First up, a black (and black and white) comedy, THE EVANGELIST. Theatre director and confirmed atheist Daniel gets more than he bargained for when he adopts what seems like a cool kid, Gideon (dig the Bible names). Turns out, besides being enthralled with stage blood, Gideon reads the Bible and believes it (the horror!) Daniel plays along with Gideons mission to convert people, thinking it's just a phase that will pass quicker if he doesn't fight it. But it doesn't pass, and instead leads to hilariously grisly results.
It's hard to peg if this movie is anti-religious or anti-atheist. It seems to be anti-fanaticism on either side. Certainly the scene with Daniel finding out the book Gideon is hiding under his pillow isn't a porn magazine but the Bible makes him (Daniel) out to be the intolerant one. And since the movie is about religious fanaticism, I feel like going off on a weird rant about my own beliefs. Starting...now:
I am an atheist. And I mean that not in the sense that I have no beliefs one way or another, but I believe (without proof of the unprovable) that God does not exist. Although I can summon doubt, I am still an atheist, not an agnostic. Those who argue that if you have doubt you're an agnostic piss me off. With them, the word agnostic stops meaning anything about your (lack of) belief in God one way or another but rather about your capacity to see other viewpoints and summon doubt in your beliefs. In their definition, people are either agnostics or arrogant drooling morons with insufficient mental agility to imagine a world in which they're wrong. While this definition might ensconce agnostics in a cloak of smug superiority, it's a useless definition for discussing matters of faith, and agnostics who insist on that definition are just assholes.
Besides, agnosticism is a dangerous gateway philosophy. Sure, I understand how it's appealing. You're hanging out with friends, maybe having a few beers when someone sparks up a thought, 'Dude, what if God like...existed, man?' And you might experiment with it a few times, just to expand your mind. And maybe it makes the world more intense and alive (or maybe it makes everything more mellow, I don't really know). I've even tried it before, although I am by no means an agnost-head. But beware, it can lead to harder, more dangerous beliefs. No sir, it's just good, clean atheist lifestyle for me!
With that said, I did once try to read the Bible cover to cover. I got bogged down in Leviticus, but before I gave up I did read a story that changed my whole worldview. It's an oldie but goodie--the ten commandments. But it's an onscure part that most people gloss over, if they know it at all. You may recall that God gave Moses the ten commandments on Mt. Sinai, but he was up there so long those silly Israelites started worshipping a golden calf. And you may recall that Moses was so angry he smashed the tablets and ran back to tell God, who this time made Moses carve the commandments into the stone tablets and bring them back to his chosen people. But I just skipped my favorite part, Exodus 32:7-14 (KJV)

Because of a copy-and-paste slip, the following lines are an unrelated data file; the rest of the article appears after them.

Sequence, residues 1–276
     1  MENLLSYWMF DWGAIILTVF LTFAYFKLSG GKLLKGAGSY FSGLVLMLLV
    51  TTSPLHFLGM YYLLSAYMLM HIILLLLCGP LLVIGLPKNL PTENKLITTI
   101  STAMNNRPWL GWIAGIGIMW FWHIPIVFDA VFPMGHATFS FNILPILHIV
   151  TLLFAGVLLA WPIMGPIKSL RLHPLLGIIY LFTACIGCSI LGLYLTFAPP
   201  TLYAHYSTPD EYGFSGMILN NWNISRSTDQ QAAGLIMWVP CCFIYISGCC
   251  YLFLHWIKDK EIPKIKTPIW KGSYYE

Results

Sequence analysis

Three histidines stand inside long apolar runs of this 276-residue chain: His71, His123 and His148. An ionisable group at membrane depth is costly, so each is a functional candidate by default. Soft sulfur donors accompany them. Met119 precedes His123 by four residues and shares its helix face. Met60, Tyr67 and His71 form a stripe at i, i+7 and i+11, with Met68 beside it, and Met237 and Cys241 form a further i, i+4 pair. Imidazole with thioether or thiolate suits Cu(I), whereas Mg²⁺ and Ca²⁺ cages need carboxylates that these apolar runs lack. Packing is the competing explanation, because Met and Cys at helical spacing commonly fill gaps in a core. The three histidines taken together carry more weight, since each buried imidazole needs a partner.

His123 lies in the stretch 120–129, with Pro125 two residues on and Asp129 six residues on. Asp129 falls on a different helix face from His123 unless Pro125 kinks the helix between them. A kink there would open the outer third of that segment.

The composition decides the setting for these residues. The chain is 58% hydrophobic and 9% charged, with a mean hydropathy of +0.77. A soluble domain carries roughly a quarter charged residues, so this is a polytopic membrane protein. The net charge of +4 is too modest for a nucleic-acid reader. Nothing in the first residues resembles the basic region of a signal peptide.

My added emphasis. Basically, God wanted to kill all the Israelites, and Moses talked him out of it. What Moses did was pretty darn amazing, but what struck me is that God can change his mind. I suppose there are many possible ways to interpret this. For example, it could mean that even God can make mistakes and be corrected. Or he could've been testing Moses, with no intention of killing anyone. But when I first read it I chose to interpret it as God is perfect (at least, the Bible is written with that premise) and yet he can change his mind. The obvious implication that perfection--in particular moral perfection--does not have one unique solution. For a given situation (in this case, the tribe abandoning God) there are multiple possible actions (Kill them all! Forgive them all!) that are all morally correct. Now maybe that's only true for God himself, but once that idea got into my mind I couldn't shake it, or how right it felt when applied to human actions, too.
7And the LORD said unto Moses, Go, get thee down; for thy people, which thou broughtest out of the land of Egypt, have corrupted themselves:
8They have turned aside quickly out of the way which I commanded them: they have made them a molten calf, and have worshipped it, and have sacrificed thereunto, and said, These be thy gods, O Israel, which have brought thee up out of the land of Egypt.
9And the LORD said unto Moses, I have seen this people, and, behold, it is a stiffnecked people:
10Now therefore let me alone, that my wrath may wax hot against them, and that I may consume them: and I will make of thee a great nation.
11And Moses besought the LORD his God, and said, LORD, why doth thy wrath wax hot against thy people, which thou hast brought forth out of the land of Egypt with great power, and with a mighty hand?
12Wherefore should the Egyptians speak, and say, For mischief did he bring them out, to slay them in the mountains, and to consume them from the face of the earth? Turn from thy fierce wrath, and repent of this evil against thy people.
13Remember Abraham, Isaac, and Israel, thy servants, to whom thou swarest by thine own self, and saidst unto them, I will multiply your seed as the stars of heaven, and all this land that I have spoken of will I give unto your seed, and they shall inherit it for ever.
14And the LORD repented of the evil which he thought to do unto his people.
Total Running Time: 174 minutes
My Total Minutes: 222,328